After taking part in the preparation weekend for our upcoming pilgrimage to Lourdes, it has reminded me of the amazing experience I had back in 2015, making me even more excited for being there again in the summer. To me, Lourdes is a place full of hope and shows us what true faith is, to see thousands of people all on their own personal pilgrimages come together to share in their faith and the love of Christ is indescribable. When I signed up for the Lourdes pilgrimage back in 2015, initially I was extremely nervous as I didn’t feel I had a true understanding of what Lourdes was and I felt that my understanding of my faith was nothing compared to the people around me. However, shortly after arriving in Lourdes I realised that this wasn’t important anymore. It was about opening up my heart to Christ, understanding the love Mary our mother has for us and helping others to enter into this experience.

There are so many moments from this pilgrimage that have had a great impact on my faith. One was an experience I had at the Grotto, the place of which Our Lady appeared to Bernadette. I felt as though so far I had been struggling to really enter into the experience, but in that moment I truly felt as though she was with me and was showing me she was there with us every moment of our pilgrimage to comfort and reassure us.                                                   

I was lucky enough to be able to both assist and spend time with some of the most amazing and inspiring pilgrims from our diocese, who really helped to make the experience so memorable for me. One afternoon, after assisting a Lady to the basilica in the domain, we took some time to explore and spent time in adoration and praying the rosary in the Eucharistic tent. This will always be so important to me as it showed how faith truly brought people together. It showed me that people of different ages, genders and nationalities were all able to join in prayer because of this sacred site and Our Lady.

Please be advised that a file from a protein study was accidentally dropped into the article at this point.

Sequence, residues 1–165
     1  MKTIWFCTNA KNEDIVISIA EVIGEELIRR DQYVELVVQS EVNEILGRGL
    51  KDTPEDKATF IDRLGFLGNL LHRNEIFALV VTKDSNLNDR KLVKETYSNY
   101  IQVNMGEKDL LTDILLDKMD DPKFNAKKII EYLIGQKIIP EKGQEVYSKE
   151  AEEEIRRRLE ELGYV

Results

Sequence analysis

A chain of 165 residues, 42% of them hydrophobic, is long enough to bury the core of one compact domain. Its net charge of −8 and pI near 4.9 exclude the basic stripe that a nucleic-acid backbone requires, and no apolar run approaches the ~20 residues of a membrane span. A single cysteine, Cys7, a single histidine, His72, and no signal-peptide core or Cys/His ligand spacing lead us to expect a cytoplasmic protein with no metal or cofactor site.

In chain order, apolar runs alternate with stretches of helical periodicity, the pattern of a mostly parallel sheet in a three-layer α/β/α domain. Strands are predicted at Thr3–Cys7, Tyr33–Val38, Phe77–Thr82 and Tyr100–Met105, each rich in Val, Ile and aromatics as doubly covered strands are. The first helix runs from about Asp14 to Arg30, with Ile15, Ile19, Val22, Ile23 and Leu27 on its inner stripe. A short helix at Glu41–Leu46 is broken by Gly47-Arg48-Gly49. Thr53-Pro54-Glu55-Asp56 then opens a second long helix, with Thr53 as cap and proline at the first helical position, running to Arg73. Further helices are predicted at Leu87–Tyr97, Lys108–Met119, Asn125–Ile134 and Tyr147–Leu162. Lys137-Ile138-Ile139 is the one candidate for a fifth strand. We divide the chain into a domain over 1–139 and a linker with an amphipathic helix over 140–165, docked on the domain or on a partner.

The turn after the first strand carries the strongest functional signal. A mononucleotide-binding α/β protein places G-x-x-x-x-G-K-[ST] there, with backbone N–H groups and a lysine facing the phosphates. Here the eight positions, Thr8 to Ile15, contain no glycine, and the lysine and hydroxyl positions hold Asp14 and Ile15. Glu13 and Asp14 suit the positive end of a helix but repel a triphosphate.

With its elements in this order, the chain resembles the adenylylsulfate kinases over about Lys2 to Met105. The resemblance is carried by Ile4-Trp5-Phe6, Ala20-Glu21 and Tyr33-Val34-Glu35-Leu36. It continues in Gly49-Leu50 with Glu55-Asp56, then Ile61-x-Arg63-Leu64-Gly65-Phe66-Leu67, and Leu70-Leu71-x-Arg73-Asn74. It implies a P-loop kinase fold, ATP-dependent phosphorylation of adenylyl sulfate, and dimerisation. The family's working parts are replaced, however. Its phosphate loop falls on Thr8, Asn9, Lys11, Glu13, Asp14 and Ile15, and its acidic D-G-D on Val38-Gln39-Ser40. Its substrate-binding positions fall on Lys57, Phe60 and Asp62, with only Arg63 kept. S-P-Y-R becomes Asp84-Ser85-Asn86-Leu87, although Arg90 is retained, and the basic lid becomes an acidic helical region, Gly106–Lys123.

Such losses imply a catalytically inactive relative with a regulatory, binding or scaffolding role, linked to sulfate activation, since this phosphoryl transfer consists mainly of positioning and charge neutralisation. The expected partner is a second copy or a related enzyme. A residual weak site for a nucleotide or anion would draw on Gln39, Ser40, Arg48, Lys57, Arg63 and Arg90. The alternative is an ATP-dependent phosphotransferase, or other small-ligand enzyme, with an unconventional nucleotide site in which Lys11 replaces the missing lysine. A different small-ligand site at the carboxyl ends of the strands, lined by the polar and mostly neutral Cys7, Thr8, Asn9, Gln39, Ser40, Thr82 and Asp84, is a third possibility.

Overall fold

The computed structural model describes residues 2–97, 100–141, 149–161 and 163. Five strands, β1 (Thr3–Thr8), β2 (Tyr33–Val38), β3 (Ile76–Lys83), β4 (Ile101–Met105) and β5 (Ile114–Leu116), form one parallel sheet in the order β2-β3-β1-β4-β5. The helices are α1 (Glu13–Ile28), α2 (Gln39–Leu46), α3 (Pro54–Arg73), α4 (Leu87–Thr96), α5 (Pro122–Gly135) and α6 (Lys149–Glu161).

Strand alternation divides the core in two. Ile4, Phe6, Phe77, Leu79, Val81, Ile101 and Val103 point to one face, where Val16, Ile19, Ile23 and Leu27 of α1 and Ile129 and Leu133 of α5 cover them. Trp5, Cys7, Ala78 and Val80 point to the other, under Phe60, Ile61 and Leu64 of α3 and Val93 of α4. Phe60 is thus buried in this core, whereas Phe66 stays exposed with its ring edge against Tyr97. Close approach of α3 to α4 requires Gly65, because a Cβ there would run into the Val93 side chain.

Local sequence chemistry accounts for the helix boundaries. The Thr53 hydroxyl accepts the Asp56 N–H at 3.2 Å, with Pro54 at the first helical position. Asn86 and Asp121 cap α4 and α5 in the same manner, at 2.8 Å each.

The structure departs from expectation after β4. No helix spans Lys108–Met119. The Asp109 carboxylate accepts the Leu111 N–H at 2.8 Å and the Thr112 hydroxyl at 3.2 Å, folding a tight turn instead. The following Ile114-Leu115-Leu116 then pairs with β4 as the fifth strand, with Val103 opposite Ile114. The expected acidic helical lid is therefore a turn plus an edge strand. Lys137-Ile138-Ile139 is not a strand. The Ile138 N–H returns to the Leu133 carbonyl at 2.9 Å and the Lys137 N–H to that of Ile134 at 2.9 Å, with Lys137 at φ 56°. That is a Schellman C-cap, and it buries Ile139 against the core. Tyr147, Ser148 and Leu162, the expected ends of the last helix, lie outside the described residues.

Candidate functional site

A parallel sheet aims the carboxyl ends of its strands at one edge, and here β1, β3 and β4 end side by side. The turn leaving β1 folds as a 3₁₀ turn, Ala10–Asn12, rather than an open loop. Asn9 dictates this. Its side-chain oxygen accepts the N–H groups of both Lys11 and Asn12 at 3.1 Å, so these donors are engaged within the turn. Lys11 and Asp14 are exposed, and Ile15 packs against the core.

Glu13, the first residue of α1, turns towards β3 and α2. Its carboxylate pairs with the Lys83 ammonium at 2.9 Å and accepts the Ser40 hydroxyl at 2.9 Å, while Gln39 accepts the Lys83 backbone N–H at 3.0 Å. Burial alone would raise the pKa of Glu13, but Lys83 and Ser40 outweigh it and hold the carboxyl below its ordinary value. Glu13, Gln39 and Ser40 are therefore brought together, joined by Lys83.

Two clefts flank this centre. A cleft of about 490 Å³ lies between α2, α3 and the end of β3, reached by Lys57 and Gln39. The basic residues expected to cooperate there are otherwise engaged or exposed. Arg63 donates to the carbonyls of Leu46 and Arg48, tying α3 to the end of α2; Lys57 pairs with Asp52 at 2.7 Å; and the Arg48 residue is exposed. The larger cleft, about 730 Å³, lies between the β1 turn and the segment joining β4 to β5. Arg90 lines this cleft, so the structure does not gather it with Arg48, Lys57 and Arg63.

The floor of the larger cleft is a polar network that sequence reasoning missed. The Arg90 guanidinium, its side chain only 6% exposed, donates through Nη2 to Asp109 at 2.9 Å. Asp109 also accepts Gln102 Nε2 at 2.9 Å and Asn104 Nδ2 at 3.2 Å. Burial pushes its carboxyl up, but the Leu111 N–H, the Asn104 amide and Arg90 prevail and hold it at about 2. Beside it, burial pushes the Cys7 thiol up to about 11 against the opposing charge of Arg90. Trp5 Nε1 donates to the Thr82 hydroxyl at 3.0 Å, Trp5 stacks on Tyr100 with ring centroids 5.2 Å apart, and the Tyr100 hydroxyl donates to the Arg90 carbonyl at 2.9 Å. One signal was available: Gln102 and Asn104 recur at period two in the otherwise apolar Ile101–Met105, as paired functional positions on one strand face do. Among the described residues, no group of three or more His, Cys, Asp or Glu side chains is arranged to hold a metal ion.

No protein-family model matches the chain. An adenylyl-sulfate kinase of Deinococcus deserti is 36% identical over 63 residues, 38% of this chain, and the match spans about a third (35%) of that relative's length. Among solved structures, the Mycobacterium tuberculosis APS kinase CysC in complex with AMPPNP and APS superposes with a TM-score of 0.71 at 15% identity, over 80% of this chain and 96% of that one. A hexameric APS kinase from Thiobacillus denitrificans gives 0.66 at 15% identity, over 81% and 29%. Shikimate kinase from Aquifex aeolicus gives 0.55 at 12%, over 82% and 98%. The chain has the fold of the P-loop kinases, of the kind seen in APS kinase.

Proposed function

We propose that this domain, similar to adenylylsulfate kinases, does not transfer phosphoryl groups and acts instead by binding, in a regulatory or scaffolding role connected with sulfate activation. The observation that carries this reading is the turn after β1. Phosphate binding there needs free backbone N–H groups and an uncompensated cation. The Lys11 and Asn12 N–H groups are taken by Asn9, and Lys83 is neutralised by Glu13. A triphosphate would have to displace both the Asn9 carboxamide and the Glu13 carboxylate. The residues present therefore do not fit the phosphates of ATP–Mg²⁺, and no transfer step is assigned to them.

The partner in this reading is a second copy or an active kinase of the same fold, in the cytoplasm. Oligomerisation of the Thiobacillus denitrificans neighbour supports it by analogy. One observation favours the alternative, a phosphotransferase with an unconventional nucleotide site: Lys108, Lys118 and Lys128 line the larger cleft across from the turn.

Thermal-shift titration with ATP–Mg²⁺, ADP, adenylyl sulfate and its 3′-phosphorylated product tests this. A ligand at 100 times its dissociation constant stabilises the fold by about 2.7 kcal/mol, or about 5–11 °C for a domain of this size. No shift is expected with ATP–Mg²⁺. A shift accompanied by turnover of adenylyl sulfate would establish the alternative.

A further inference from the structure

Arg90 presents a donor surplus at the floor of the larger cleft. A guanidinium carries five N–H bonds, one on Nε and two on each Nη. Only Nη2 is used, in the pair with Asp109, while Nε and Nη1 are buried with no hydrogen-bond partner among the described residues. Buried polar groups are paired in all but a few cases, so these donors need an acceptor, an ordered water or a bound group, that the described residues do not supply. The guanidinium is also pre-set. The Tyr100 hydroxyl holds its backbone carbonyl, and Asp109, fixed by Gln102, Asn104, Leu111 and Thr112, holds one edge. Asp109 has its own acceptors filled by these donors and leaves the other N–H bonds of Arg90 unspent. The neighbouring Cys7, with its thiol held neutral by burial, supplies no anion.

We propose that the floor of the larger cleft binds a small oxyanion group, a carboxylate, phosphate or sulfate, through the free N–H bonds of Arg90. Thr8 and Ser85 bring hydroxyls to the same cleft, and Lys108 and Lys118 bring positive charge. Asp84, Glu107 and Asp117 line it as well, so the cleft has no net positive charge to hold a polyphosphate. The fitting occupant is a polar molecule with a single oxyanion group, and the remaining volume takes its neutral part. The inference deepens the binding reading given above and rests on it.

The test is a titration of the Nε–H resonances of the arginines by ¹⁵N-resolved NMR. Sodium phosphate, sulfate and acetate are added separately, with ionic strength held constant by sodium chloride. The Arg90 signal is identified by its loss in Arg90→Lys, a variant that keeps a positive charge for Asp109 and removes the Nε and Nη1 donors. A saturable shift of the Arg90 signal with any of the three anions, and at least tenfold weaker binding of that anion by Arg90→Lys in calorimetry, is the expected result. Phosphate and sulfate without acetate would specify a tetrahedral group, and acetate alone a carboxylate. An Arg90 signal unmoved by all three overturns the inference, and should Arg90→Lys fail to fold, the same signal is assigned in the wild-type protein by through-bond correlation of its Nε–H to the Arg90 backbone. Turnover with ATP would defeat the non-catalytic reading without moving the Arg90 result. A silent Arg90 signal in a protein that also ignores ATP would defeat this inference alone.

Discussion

After meeting the young people, I will be traveling to Lourdes with, I am even more excited for what this pilgrimage will bring. I have enjoyed my gap year here at Castlerigg so much and I believe this experience will help me to carry on exploring and sharing my faith after finishing my year here.

Lourdes is a truly beautiful and incredible place and no matter where you may be on your faith journey, or what your understanding is of Lourdes, I would strongly encourage anyone to take the opportunity to visit this remarkable place.

God Bless, Paris

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Easter Retreat

Easter Retreat

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Katie - Castlerigg Team

I really didn’t know what to expect for the Castlerigg Easter retreat, I was so excited for it but I had no idea what it would be like. I have wanted to go for a few years but other things have always come up so I didn’t get the chance. Being part of the team at Castlerigg has given me the opportunity to get involved in such an important and inspiring retreat.